Industry Voices—Breaking down barriers to remote monitoring in healthcare is critical with COVID-19

A woman is wearing a face mask on the sidewalk
Embracing preventive measures now—including arming seniors and at-risk individuals with remote monitoring devices—will better prepare us to face any future pandemic issues, whether COVID-19-related or not, Arnol Rios writes. (Getty/filadendron)

COVID-19 has forced the U.S. healthcare system to fast-track the utilization of key tools like virtual care visits and remote monitoring.

These technologies had slowly begun to pick up adoption speed before COVID-19, but they also faced massive roadblocks in the form of reimbursement challenges and fears of privacy and security related to personal health information. During COVID-19, and as we prepare for a potential second wave of COVID-19, these concerns have become less of a barrier as speed and saving lives has become the priority.

An array of companies have launched remote monitoring tools at enterprise scale to support the COVID-19 pandemic. Many of these tools are focused on monitoring the symptoms of patients already dealing with COVID-19, but as the U.S. and many other countries begin to reopen, the likelihood of a second wave of COVID-19 is becoming more real.

That means we have a real opportunity that we didn't have the first time—the opportunity to prepare and establish preventive measures.

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There are two key groups specifically that we can use remote monitoring technology to better prepare for a second wave: at-risk populations (like patients with comorbidities and seniors) and front-line healthcare workers.

Remote monitoring for seniors, at-risk individuals, and COVID-19 patients 

As we plan for a potential second wave, it's important that we utilize this time to swiftly drive innovation and look for more opportunities to protect at-risk populations like seniors. One specific opportunity is to broaden the utilization of remote monitoring technology not only for patients who have contracted COVID-19 but also for those most likely to be impacted by the virus, including seniors and people dealing with multiple comorbidities.

Embracing preventive measures now—including arming seniors and at-risk individuals with remote monitoring devices—will better prepare us to face any future pandemic issues, whether COVID-19-related or not. Mobile health tech applications have continued to innovate, but providers that don't adopt a remote health monitoring strategy now may create more issues for their patients down the line.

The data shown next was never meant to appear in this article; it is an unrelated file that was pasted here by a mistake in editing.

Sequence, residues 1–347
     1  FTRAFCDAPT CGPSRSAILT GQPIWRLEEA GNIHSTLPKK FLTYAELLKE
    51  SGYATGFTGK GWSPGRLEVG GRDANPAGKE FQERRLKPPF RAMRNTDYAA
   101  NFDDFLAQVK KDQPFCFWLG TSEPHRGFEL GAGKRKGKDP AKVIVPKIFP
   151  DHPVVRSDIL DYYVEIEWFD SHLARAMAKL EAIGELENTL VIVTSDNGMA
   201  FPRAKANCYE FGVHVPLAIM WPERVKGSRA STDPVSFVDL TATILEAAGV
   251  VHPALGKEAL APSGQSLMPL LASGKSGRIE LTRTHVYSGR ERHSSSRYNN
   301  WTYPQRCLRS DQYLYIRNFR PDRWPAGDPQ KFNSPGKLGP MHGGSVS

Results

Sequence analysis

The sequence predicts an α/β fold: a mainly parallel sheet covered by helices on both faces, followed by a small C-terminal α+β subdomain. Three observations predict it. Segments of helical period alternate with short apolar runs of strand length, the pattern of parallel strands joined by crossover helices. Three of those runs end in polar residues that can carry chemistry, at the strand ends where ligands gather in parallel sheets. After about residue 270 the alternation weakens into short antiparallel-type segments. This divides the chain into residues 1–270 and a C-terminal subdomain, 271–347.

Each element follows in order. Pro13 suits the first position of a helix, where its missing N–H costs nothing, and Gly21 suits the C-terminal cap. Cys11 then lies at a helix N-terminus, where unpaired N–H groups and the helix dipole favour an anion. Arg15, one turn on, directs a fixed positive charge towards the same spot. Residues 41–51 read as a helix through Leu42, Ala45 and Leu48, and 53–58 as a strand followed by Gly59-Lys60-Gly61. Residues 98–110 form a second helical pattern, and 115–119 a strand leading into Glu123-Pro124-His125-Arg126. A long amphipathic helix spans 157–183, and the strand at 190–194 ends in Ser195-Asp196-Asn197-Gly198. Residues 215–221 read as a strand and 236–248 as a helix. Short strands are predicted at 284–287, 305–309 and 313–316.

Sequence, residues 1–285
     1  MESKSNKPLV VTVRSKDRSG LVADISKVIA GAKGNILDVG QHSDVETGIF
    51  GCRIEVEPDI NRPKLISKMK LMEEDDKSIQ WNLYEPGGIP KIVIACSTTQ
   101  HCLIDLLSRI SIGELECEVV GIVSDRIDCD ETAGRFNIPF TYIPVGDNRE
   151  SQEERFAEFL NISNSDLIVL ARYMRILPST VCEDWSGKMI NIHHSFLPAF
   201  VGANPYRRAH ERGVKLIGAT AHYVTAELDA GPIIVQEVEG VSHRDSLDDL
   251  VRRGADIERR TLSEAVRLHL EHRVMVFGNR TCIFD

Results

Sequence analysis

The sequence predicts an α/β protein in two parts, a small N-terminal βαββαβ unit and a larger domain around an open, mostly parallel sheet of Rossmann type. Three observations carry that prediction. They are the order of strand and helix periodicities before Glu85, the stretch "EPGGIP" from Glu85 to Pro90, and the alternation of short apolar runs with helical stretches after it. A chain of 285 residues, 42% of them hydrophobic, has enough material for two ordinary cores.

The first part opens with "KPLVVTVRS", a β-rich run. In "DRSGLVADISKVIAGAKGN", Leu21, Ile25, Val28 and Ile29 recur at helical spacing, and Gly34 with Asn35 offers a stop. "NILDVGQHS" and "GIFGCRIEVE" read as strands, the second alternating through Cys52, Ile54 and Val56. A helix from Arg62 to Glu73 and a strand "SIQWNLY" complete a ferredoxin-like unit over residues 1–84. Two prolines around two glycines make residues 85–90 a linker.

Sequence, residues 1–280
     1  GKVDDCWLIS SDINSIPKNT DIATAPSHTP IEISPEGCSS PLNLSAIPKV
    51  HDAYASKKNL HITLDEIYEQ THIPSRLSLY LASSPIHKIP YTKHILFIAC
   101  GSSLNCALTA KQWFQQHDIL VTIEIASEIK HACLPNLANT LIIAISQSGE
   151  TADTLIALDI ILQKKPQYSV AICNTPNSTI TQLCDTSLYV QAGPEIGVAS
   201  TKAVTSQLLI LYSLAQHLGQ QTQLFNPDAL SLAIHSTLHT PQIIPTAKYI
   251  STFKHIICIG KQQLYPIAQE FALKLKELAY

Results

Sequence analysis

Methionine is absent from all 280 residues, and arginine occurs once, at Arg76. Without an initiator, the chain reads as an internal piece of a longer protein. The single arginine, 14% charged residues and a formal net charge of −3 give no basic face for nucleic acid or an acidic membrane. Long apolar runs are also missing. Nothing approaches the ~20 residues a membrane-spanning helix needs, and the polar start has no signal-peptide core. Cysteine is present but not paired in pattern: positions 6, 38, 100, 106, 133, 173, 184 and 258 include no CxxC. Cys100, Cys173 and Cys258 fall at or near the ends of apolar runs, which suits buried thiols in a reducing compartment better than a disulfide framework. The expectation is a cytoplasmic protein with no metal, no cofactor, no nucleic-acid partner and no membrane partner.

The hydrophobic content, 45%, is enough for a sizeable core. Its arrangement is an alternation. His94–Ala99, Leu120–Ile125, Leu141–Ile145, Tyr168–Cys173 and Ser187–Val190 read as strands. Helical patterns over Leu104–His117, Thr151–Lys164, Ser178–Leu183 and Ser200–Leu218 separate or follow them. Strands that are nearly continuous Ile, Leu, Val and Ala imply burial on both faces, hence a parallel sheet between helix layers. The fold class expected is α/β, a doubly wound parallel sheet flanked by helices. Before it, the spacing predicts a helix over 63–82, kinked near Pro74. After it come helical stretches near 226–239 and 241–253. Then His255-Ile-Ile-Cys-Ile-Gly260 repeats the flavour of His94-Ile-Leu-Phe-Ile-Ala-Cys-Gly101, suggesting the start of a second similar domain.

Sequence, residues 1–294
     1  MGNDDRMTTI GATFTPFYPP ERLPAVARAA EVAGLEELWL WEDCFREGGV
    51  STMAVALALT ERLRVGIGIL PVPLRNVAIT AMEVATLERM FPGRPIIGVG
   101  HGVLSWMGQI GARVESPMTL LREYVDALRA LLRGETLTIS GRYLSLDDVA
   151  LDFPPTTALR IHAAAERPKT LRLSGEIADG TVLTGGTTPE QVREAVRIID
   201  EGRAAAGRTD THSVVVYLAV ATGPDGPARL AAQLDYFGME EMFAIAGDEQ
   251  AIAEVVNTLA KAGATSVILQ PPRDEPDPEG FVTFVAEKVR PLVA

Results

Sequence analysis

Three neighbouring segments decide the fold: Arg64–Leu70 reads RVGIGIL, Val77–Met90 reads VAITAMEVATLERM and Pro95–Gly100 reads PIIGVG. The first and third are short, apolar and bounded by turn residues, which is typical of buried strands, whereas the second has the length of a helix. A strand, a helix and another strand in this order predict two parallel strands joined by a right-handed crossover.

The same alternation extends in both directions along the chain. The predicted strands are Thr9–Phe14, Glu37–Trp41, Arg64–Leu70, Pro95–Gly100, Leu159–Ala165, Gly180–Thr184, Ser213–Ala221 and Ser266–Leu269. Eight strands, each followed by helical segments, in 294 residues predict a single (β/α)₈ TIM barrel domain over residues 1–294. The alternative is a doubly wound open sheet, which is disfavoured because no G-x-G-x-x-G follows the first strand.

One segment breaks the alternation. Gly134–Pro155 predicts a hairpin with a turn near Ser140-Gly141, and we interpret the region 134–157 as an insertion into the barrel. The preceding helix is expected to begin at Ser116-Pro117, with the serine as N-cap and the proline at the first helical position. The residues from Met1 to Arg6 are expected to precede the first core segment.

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The issue for providers is that these strategies must include a ready-made hardware and corresponding software system that can handle the complex needs of at-risk populations groups, and innovative remote monitoring applications should be able to fast-track the availability of a solution in preparation for this potential second wave. Doing so will ensure that the U.S. healthcare system can more effectively monitor, identify, and engage seniors and at-risk individuals.

Supporting healthcare workers on the front lines of COVID-19

During this first wave of COVID-19, Sony had the opportunity to offer advisory services and hardware as part of a collaborative effort at Cork University Hospital. The idea was to implement a remote early warning system for the detection of COVID-19 symptoms among front-line medical staff.

The remote monitoring system that Cork used specifically identifies healthcare workers who may be developing a high temperature, a key indicator in the onset of COVID-19. By identifying healthcare workers showing early signs of COVID-19, Cork could help reduce the spread of the disease by more quickly allowing them to self-isolate. 

RELATED: Providence St. Joseph using Twistle remote monitoring technology for 700 COVID patients

With more time, and in preparation for a potential phase two of COVID-19, even more employers—especially healthcare providers—should be equipped with a remote monitoring technology platform that can keep essential healthcare workers safe while also reducing the spreading of the virus.

The possibility of phase two of COVID-19 may be hard to even consider at this point, but many experts warn it could be inevitable.

Thus, it is important that we prepare now for the possibility. Companies in the process of fast-tracking development of their remote monitoring technologies should not put their foot on the brake at this time. For the health and safety of everyone, they should look for new ways to expedite innovations—and providers, health plans, and essential businesses should prioritize remote monitoring as part of their proactive and preventive strategies for confronting any further spread of COVID-19.

Arnol Rios is head of business development at Takeoff Point, a Sony company that provides the mSafety Platform in North America.